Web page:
The nineteenth-century Germans focused so much on philosophy partly in order not to compete with the protean genius of Goethe, who had dominated all the other literary genres in Germany for so long. And so we have Hegel, Nietzsche and Schopenhauer defining, among other things, the concept of tragedy. But it is Georg Wilhelm Friedrich Hegel who concerns me here, because he formulated some concepts apt to our foreign policy debates regarding armed intervention, particularly in the Middle East.
Hegel notes that one example of a tragic situation is when a family duty is in conflict with a wider social or universal duty: a foreign policy parallel to this could be when the interests of state are in conflict with the wider interests of humanity—with both points of view more or less justified. Edith Hamilton, the mid-twentieth-century American classicist, interpreting Hegel, says “the only tragic subject is a spiritual subject in which each side has a claim on our sympathy.” Another earlier interpreter of Hegel, the English literary scholar A. C. Bradley, said that tragedy “appeals to the spirit” because “it is itself a conflict of the spirit.”
But while both sides in a conflict can have a claim on our sympathy, both sides cannot be right. Usually, one side is judged right and the other side wrong. Hegel, in his Philosophy of Right (1820), observes that when “figures whose ethical life is on the highest plane” come into conflict, “we are not elevated” by the destruction of one of the parties, but by the triumph of the truth which emerges. “This,” he says, is what “constitutes the true, purely ethical, interest of ancient tragedy.”
Therefore, among the many other facets and definitions of tragedy, one thing that tragedy can be about is the story of a person (or a group of people, for that matter), who, while right-thinking, acts wrongly. Such a person or group genuinely intends the best outcome, but ends up with the worst outcome.
Does this sound familiar?
The people I know who supported the Iraq War genuinely intended the human-rights situation in Iraq to be improved by the removal of Saddam Hussein, not made worse through war and chaos. The group of policymakers who supported the Libya campaign genuinely thought that by toppling the regime of Muammar el-Qaddafi a humanitarian catastrophe in Benghazi would be averted and the country as a whole would benefit. Instead, Libya collapsed into anarchy with many more thousands of casualties the consequence. The people who supported an early intervention to topple the regime of Bashar al-Assad, or at least limit the suffering in Syria, genuinely thought they were in both the moral and strategic right. And they might actually have been correct. Since there was no intervention in this case, the results of one remain an unknowable.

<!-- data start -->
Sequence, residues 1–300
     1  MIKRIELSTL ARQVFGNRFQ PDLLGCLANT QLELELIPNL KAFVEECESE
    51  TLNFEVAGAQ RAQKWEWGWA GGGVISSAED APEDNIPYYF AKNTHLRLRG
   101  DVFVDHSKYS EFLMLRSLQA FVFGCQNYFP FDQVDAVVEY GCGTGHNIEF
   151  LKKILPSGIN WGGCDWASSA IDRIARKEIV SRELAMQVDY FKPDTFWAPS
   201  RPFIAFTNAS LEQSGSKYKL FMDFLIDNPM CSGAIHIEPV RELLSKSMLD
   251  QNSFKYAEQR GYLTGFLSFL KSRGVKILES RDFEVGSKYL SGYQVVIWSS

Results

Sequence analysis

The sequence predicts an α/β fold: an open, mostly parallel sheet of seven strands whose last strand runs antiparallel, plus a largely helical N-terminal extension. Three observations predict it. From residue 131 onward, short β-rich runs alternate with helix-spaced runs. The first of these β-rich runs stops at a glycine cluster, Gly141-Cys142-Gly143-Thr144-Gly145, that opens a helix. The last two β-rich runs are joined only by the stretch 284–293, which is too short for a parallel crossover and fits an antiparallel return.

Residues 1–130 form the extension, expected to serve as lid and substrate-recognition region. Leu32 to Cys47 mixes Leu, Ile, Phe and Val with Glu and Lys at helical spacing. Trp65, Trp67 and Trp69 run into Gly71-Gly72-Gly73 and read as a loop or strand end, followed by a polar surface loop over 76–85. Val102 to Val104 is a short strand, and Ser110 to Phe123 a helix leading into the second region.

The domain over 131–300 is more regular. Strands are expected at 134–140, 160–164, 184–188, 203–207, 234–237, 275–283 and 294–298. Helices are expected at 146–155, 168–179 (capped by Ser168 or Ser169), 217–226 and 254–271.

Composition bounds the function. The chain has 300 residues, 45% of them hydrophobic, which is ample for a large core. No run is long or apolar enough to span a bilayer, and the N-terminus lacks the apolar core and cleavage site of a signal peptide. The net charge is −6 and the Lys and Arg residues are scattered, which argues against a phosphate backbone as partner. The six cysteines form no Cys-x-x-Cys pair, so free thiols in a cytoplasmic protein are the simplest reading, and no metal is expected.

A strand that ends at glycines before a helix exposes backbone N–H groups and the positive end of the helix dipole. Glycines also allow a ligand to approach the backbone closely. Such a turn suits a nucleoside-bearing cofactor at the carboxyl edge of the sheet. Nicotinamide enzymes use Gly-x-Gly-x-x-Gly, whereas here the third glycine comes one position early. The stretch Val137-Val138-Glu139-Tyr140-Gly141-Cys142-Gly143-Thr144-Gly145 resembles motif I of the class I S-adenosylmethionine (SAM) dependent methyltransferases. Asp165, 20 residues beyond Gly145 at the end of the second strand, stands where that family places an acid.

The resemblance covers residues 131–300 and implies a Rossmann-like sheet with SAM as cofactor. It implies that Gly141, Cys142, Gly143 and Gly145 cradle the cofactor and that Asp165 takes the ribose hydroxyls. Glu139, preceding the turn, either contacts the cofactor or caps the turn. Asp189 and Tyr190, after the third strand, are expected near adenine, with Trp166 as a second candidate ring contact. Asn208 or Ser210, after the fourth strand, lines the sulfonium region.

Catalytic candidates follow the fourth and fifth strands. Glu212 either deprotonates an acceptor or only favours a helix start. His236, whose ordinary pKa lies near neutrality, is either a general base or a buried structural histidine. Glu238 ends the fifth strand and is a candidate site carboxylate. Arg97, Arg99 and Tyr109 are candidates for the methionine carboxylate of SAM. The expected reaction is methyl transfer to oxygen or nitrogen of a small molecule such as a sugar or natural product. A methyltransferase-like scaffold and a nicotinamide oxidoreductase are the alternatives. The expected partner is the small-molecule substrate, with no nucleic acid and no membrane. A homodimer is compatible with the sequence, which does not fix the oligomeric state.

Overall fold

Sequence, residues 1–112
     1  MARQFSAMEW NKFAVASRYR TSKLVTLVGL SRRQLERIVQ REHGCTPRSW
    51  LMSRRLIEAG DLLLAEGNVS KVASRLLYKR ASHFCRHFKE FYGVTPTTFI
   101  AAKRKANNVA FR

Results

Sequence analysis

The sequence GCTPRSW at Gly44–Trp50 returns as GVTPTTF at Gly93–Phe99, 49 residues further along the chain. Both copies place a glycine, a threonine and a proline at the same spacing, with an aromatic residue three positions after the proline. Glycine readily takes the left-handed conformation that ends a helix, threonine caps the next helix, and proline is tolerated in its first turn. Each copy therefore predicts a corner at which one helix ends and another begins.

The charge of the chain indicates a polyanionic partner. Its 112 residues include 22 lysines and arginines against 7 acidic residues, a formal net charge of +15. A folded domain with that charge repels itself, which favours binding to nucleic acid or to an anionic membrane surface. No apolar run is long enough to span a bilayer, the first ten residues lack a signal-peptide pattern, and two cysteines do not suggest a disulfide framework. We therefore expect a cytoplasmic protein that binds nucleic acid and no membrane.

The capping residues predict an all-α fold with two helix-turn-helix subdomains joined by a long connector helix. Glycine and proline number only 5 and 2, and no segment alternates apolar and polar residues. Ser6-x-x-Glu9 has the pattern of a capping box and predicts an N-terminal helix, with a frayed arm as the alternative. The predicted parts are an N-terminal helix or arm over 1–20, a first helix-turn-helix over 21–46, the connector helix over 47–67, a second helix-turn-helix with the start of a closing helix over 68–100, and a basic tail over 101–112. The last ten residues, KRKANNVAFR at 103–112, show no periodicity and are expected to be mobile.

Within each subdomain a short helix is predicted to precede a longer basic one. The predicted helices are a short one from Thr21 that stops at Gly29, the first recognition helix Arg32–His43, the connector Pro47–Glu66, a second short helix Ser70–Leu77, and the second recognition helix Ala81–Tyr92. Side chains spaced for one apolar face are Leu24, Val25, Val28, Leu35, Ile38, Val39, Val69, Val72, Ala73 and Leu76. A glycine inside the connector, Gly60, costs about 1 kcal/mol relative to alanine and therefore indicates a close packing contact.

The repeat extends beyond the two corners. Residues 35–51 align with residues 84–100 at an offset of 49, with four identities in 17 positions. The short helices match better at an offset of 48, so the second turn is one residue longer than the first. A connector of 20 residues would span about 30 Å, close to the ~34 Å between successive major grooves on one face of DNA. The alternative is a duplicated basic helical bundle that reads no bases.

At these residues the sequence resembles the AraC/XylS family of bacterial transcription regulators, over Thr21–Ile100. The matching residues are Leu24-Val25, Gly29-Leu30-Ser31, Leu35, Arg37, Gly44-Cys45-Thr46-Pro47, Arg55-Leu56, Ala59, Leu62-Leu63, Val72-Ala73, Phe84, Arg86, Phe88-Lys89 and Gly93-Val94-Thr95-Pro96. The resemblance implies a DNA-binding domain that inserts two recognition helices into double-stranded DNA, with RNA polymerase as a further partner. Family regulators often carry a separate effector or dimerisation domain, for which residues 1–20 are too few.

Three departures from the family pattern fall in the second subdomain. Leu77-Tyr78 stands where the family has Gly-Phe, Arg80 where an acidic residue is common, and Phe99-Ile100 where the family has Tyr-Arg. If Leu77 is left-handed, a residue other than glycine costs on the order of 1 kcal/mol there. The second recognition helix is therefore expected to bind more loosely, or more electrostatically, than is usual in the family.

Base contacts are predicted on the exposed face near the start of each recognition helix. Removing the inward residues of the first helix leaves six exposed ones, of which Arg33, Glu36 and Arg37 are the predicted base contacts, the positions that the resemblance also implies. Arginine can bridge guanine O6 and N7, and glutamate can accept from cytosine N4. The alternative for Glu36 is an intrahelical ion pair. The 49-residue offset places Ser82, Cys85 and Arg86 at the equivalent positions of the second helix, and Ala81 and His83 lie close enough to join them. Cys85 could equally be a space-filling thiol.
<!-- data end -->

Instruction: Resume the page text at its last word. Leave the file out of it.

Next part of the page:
All this, by Hegel’s definition, is a kind of tragedy. In all three cases the results have been horrific. In all three cases, both sides have had at least some claim on our sympathies, however partial, even if we have disagreed with them. There were the interests of the state and its many limitations on one hand, and the interests of humanity on the other. Of course, the interests of humanity can in quite a few circumstances coincide with the interests of state. But it cannot do so all the time, or else we would be intervening everywhere, and that would not be sustainable. And yet just because you cannot intervene everywhere does not mean you cannot intervene, consistent with your interests, somewhere.
In ancient tragedy, as Hegel notes, the truth always emerges. What, then, is the truth about humanitarian intervention in the Muslim Middle East? The truth is that American power can do many things, but fixing complex and populous Muslim societies on the ground is not one of them: witness Iraq and Libya. But in the case of Syria, where a humanitarian and strategic nightmare has ensued without our intervention, it behooves us to treat each crisis individually, as sui generis. For intervening in one country might be the right thing to do, while it may be the wrong thing in other countries.
Indeed, this search for truth is consistent with the core principle of ancient tragedy. This is partly what made the Greeks great. In The Birth of Tragedy (1872), Friedrich Nietzsche intimates that the same civilization that invented tragedy also defeated the Persian Empire. Likewise, America’s own greatness requires the constant search for truth in war.
But this only takes us so far. The endings of Greek plays are devastating yet satisfying. There is nothing satisfying about Iraq, Libya, and Syria. Perhaps Greek tragedy, and the interpretations of it by Hegel and so many others, are themselves too easily consoling, given the horrors of the Industrial and post-Industrial ages. Precisely because these humanitarian monstrosities are periodic—and knowledge of them vivid thanks to communications technology—the debate over the proper role of American power continues and could even intensity. For state capacity is weakening in too many places, creating conditions for more nightmares.
Thus, we require anxious foresight—an early warning system, better intelligence gathering—to guard against disasters ahead. If we act early, the conflict between the interests of state and those of humanity can be lessened. That is, we must think tragically in order to avoid tragedy.
Robert D. Kaplan is the author of The Return of Marco Polo's World: War, Strategy, and American Interests in the Twenty-first Century , forthcoming in March. He is a senior fellow at The Center for a New American Security and a senior adviser at Eurasia Group.
Image: Department of Defense